With the rise of Twitter, Facebook and Instagram, media distribution started to occur via shares. People do not share nuanced stories. They share powerful articles with a clear focal point, which leads to more intense news. But that is not all. Social media is a way of self-expression; you share some of your identity with friends to show who you are. The consequence is that news articles will try to increasingly appeal to your, for instance, political identity.
Annd that is how news becomes more intense and identity focused, which leads to more polarisation. The one leads to the other and the other way around.
When a population is polarised, the centre disappears, and a large groups of people choose a different side. There are not a lot of swing-voters. Because of this campaigning is – in contrast to for instance The Netherlands, where there are a lot of swing-voters – primarily about mobilising your followers: making sure that your voters actually fill in the ballot. That was Obama’s strength. He knew like no other how to convince a part of the population who traditionally stayed home, that they should go cast their vote. The same goes for Trump. The opposite of Clinton. Trump especially focused on pointing out the horror of electing Clinton. This caused a lot of Americans to disapprove of Trump, but mostly, to despise Clinton. Like Klein phrases it: “you did not have to like Trump to vote against Clinton”.
But making sure your followers actually vote is not the only way of winning an election. Preventing the followers of your opponent to vote is also an alternative. It is not surprising that America has a notorious history of voter suppression. Millions of Americans, a majority of them belonging to a minority group, are systematically suppressed when it comes to voting. Everybody who still tries to cast their vote, will have to wait in line for hours.
Apart from America politics becoming less democratic, it also starts to become less decisive. Former presidents like L.B. Johnson implemented big reforms like the Civil Rights Act and the Economic Opportunity Act. But Obama did not achieve much more besides Obamacare.
Klein has an explanation. For a long time in American history, politics was not really competitive. One of the parties was dominant for a long period. For the losing party, the best way to still have influence was to make compromises and work together. This reduced polarisation. Today, thing are different. Elections are truly competitive which means that the losing party always keeps an eye out for winning the next election. In addition, due to increasing polarisation, parties are ideologically divided. Working together with the other party is then discouraged. In fact: it becomes tempting to block everything the other party proposes. One method to do so is the infamous filibuster. This trump card has been around for a while but has become exponentially more popular since 2000. It allows the minority to de facto block a legislation act with just 41 votes. What happens when parties are being encouraged, while holding a minority, is to block everything the other proposes. A total paralysis of politics. No wonder that Republican Mitch McConnell likes to boast about blocking all of Obama’s plans.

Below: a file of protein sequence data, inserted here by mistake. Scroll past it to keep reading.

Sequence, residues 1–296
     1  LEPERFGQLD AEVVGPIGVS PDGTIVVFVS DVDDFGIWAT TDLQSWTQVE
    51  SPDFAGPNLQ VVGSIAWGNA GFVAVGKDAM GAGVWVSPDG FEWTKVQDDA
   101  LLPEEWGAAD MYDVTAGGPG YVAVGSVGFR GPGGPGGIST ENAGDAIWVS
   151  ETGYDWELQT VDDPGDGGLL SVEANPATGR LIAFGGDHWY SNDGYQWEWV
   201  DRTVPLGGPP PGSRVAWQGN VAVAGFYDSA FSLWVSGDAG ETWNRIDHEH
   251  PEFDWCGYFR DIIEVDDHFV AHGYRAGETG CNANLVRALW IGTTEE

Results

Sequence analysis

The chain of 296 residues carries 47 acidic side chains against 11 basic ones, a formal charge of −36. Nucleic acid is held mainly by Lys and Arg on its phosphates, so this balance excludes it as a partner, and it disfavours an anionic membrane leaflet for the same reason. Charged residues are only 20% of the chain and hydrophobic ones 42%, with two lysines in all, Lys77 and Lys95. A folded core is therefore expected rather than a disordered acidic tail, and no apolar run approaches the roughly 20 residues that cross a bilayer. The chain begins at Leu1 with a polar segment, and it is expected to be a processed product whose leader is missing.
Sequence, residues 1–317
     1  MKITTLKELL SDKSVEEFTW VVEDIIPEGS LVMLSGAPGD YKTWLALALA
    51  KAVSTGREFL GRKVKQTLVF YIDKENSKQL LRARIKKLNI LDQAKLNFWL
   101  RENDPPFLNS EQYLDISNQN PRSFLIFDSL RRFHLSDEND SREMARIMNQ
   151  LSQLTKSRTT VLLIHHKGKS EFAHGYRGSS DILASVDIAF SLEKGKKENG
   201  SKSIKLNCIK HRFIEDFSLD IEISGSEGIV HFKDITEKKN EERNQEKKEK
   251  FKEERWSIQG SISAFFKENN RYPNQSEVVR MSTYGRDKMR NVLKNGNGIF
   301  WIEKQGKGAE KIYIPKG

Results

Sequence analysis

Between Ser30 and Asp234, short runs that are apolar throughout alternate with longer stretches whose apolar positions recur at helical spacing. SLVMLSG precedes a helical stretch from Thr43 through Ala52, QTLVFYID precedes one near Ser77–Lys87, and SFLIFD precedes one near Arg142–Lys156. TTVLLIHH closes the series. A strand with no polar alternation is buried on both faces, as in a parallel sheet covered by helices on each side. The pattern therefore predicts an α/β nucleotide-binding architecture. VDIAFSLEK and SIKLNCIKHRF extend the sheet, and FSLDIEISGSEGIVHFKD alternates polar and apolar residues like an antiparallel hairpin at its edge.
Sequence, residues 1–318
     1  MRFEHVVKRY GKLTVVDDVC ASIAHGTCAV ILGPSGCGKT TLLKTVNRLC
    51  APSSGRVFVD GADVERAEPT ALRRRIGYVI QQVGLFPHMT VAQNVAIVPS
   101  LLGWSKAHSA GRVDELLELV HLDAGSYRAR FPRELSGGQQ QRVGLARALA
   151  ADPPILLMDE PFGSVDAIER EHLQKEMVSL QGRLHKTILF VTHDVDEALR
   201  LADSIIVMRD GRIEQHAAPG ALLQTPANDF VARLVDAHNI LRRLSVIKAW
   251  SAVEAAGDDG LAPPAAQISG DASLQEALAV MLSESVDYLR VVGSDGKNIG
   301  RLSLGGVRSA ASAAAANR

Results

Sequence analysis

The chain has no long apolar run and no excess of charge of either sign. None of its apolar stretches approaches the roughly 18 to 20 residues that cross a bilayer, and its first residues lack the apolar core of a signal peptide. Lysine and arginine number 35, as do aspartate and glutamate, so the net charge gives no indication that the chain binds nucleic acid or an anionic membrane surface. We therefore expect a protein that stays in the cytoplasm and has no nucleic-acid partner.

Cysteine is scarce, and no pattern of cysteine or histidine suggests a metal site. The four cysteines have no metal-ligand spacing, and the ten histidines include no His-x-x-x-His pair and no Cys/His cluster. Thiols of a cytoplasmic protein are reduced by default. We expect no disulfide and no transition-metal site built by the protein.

A ticking time bomb
It is clear that the current polarisation in America works like a ticking time bomb. Klein’s book shows how polarisation is spread around the whole country, and that it leads to a more tense society and an indecisive government.
Because polarisation is such a complex issue, it is hard to solve. Klein’s solutions are not really convincing and leave the reader with a rather pessimistic feeling. But there is hope. Elections are coming up. If the polls are right and Joe Biden wins, there is a chance that the country unites. He is known as a bipartisan politician who appeals to voters from both parties. It is questionable though if, given the current political climate, he will be able to implement his plans. Gaining a majority in the Senate – for which the Americans have to vote for on November 3rd as well – would be a big step.
We shall see.
Book: Why We’re Polarized, Ezra Klein | 9781788166782